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Yeah, I don't disagree with geekette, my first thought was also "you git, why did you mention the divorce". I don't think it's the way forward - neither is "ignore them and pretend it didn't happen", or any of the other bits of advice people give.

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I don't think anyone has said either of these things. He is responsible for being sleazy, and she wasn't 'asking for it'. However, she took a number of actions that let him reach that point (she added him on facebook, made the conversation about her personal life rather than work, and didn't set any boundaries). So instead of being part of the solution she was by default part of the problem.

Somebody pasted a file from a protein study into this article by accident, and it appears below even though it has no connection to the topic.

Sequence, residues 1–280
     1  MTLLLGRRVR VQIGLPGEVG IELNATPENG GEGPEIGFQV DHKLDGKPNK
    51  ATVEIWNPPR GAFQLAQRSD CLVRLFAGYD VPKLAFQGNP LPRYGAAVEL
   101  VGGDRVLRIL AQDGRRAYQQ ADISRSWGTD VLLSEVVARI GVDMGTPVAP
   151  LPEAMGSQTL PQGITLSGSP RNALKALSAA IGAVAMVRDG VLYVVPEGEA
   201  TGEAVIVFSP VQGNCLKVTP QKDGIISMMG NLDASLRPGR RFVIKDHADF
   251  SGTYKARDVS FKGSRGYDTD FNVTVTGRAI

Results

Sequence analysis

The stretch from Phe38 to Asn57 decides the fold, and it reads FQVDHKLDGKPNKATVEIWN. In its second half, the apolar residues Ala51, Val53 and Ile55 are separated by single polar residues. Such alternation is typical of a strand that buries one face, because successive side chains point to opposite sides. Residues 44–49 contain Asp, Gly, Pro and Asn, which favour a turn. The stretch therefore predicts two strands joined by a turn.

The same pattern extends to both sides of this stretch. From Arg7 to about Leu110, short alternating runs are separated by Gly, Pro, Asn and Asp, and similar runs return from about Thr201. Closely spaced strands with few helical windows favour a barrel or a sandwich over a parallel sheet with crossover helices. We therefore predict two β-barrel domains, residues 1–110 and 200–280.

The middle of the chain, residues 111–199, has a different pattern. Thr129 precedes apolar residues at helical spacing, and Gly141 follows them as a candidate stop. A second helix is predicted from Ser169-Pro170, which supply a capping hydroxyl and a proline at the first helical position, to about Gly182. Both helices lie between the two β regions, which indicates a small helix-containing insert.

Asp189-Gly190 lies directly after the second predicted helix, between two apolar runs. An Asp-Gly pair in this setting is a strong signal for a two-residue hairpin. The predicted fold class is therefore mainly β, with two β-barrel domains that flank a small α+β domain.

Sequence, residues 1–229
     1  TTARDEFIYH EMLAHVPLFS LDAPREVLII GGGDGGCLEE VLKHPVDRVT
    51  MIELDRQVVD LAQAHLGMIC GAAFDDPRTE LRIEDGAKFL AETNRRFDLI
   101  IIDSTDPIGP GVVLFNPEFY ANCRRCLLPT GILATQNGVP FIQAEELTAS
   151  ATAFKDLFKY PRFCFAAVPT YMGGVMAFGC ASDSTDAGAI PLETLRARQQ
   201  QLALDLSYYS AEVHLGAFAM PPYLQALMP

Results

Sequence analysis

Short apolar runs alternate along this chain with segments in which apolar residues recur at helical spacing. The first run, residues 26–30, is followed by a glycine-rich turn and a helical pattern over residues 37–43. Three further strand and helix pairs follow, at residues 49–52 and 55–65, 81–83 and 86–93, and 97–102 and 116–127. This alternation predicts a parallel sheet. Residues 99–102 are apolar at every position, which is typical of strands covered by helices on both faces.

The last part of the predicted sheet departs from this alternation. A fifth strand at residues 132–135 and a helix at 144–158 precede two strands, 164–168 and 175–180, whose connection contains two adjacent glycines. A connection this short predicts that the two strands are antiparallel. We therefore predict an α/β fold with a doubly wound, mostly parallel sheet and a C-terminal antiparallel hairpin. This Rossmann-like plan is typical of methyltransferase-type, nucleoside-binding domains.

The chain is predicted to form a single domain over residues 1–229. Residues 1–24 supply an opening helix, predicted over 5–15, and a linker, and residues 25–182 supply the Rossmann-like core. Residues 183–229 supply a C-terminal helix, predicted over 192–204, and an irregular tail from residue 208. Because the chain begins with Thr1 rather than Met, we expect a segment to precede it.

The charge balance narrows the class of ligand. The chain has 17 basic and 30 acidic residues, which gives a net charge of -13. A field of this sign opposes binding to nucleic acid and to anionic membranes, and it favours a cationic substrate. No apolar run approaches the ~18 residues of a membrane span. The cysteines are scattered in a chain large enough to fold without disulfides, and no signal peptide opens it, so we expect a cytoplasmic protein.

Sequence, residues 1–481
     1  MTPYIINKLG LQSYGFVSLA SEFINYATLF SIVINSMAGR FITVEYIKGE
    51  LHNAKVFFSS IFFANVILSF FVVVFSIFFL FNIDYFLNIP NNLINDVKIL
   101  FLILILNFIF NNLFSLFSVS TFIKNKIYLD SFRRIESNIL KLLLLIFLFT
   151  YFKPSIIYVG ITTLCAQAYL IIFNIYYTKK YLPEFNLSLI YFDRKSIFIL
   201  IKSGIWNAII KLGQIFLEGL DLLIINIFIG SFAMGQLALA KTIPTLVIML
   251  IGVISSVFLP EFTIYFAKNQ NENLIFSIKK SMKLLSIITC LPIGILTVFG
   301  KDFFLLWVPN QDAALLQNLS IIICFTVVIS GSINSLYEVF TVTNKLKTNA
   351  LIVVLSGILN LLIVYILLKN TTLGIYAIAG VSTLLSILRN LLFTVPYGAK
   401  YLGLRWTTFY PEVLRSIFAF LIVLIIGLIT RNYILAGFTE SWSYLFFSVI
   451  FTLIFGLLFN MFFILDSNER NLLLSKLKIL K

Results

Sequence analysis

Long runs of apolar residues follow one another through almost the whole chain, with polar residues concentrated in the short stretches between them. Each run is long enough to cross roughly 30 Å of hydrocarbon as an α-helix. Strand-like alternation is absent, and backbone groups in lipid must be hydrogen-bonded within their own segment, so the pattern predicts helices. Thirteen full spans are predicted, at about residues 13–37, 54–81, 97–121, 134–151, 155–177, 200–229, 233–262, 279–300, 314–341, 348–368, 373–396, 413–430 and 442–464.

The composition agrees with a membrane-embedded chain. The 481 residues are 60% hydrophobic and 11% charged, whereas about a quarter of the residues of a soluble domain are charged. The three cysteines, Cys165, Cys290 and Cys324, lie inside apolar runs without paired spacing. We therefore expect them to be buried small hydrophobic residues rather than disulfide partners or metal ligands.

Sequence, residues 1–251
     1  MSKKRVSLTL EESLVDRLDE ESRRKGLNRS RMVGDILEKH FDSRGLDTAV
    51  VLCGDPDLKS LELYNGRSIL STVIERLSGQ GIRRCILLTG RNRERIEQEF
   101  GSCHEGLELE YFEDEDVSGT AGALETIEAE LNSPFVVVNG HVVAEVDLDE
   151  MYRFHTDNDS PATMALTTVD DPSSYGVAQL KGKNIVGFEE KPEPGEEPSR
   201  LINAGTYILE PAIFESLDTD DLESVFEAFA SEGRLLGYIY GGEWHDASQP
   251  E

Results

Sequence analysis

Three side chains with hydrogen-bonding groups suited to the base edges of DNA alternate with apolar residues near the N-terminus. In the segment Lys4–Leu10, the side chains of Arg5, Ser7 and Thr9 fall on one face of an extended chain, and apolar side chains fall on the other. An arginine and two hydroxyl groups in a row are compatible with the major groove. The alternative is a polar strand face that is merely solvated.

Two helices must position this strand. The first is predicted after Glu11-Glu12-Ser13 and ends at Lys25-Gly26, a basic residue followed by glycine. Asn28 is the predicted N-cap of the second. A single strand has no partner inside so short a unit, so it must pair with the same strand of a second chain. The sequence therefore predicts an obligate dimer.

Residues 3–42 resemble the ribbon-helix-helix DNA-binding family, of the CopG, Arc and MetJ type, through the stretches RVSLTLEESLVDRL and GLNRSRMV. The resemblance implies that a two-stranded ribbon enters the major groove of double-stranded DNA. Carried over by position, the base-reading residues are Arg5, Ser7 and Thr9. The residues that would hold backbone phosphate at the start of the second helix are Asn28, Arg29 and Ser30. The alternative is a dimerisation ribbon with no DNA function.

I know you didn't mean it like this, but what you're saying does remind me somewhat of the 'She was wearing a short skirt so it's partly her fault she was sexually assaulted' line of thought, which is all kinds of wrong. I don't think any of her actions let the situation reach the point it did. She was being awkwardly polite with the 'Hahahahas', pretty clearly hoping that would be the last sexual comment and that he'd move on. Indeed, I suspect the conversation would have remained unreported had he not written his final comment 6 hours after the conversation had, for all intents and purposes, ended. You don't have to set boundaries to not expect sexual advances of this nature.